While the judges deliberated, the attorneys and prisoner left the room. Elder Biesinger engaged the chief prosecutor in conversation. One charge against the elder was that he taught immoral practices by defending polygamy in Utah. “I assured him” countered the elder, “that during the 20 years I had lived in Utah I had witnessed no immorality such as I had witnessed in the city of Prague in one night.”
“Guilty,” the judges decided. The elder was guilty of violating section 304 which stated that “if any man is found guilty of canvassing as a missionary or agent for any society, church or sect with the intention of gaining them as converts to their faith providing such societies and sects are not acknowledged by the Church and authority of the state, the same is punishable with a fine not less than one nor exceeding three months imprisonment, and cost of court.”
Because of the prisoner’s good behavior, and his lengthy imprisonment to date, the judges sentenced him to the minimum possible term, one month at hard labor, and a fine of five guldens.
They asked if the elder would accept the sentence. He agreed but only on the firm condition that they understood that he had delivered his message from God to their city and nation for their salvation and that the responsibility for Prague’s rejection of the gospel rested on the authorities of the nation. The judges agreed, dropped the hard labor stipulation, and sent the elder back to Cell 38.
Ten days later he transferred to a better jail with a kinder jailer. Finally, after a total of 68 days in prison, he was released and walked out into the fresh spring air. Surprisingly, he was not banished from the country nor asked about his future plans.
During his second day of freedom, while he was walking down a street, he was interrupted by someone tapping him on his shoulder. Turning, he faced John Klusak, his chief accuser. “He was much frightened and begged me to forgive him as he did not know at that time what he was doing.” Klusak was convinced that “the Lord had punished him very severely,” said the elder, because the man’s only son was dying of smallpox and his mother had become gravely ill. The elder forgave him but said that the troubled man would have to ask God for His forgiveness. The son died two days later.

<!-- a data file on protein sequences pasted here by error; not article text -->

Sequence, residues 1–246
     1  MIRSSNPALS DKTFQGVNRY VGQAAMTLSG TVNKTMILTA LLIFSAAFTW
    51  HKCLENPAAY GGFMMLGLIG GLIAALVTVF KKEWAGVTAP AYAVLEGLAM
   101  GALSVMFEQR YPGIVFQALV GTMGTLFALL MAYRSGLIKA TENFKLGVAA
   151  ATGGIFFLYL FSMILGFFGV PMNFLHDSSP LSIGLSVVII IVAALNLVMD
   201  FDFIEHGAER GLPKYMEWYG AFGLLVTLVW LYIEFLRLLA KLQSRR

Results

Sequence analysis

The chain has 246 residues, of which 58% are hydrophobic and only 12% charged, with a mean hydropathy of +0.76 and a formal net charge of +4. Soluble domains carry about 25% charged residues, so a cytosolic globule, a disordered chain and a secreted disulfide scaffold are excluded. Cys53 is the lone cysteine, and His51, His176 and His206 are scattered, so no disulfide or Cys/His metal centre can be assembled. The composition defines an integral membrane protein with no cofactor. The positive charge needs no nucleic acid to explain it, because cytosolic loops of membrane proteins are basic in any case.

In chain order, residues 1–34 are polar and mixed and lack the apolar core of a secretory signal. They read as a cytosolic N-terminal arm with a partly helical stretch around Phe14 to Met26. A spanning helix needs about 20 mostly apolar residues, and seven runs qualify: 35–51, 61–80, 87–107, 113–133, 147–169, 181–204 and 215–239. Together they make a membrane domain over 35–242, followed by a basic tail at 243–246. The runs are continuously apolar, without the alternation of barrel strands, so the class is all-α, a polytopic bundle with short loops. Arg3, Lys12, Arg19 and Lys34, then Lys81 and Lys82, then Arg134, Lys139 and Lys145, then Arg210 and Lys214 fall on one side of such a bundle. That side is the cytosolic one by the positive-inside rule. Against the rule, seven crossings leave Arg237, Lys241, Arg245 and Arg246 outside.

Because newspapers carried his picture and said such evil things about Mormons, Elder Biesinger could not do effective missionary work anymore in Bohemia. While waiting for money from mission headquarters in Bern to pay for transportation out of Prague, he sent Church literature to all of the friends he had made while in prison. Then, on June 21, 1884, before leaving the city by evening train, he baptized and confirmed Anthon Just, his other accuser, in a nearby river.
Wherever Elder Biesinger went in the empire, police watched him and newspapers carried his photograph with warnings for the public to beware of him. So he was transferred to Switzerland that summer and fall. Then in December he returned to Austria-Hungary. After a month in Budapest he went to Vienna again, but anti-Mormon publicity forced him to leave for Germany.
He completed his mission in Bavaria, where Mormon elders had been banished by that government before they could organize Saints residing in Nuremberg and Munich. Elder Biesinger barely had time to complete their organizational work before he too was banished. He then returned to America.
Despite persecutions and imprisonment, Elders Hammer and Biesinger had baptized four converts during their aborted mission. But another two decades would pass before Austria’s first LDS branch was established. And only following World War I, when the massive Austro-Hungarian empire was dismantled and a tiny Austrian Republic created, did religious freedom begin and the Church establish firm roots there.
During the 1920s an 80-year-old missionary went to the Austrian Mission from Utah. It was Elder Biesinger, serving his fourth mission to Europe. He felt that the Lord was allowing him to return to Austria in order to finish the mission he had started that cold winter morning in Vienna in 1883.
This article is based on three different accounts which Elder Biesinger gave of his first Austrian mission. The most contemporary account appeared in the Millennial Star on January 26, 1885, a translation of an account written even earlier in German. His longest and fullest account appears in the Austrian Mission’s Manuscript History in the Church Historical Department archive. A third and very brief version is found in Brother Biesinger’s biographical sketch submitted for Andrew Jenson’s Biographical Encyclopedia.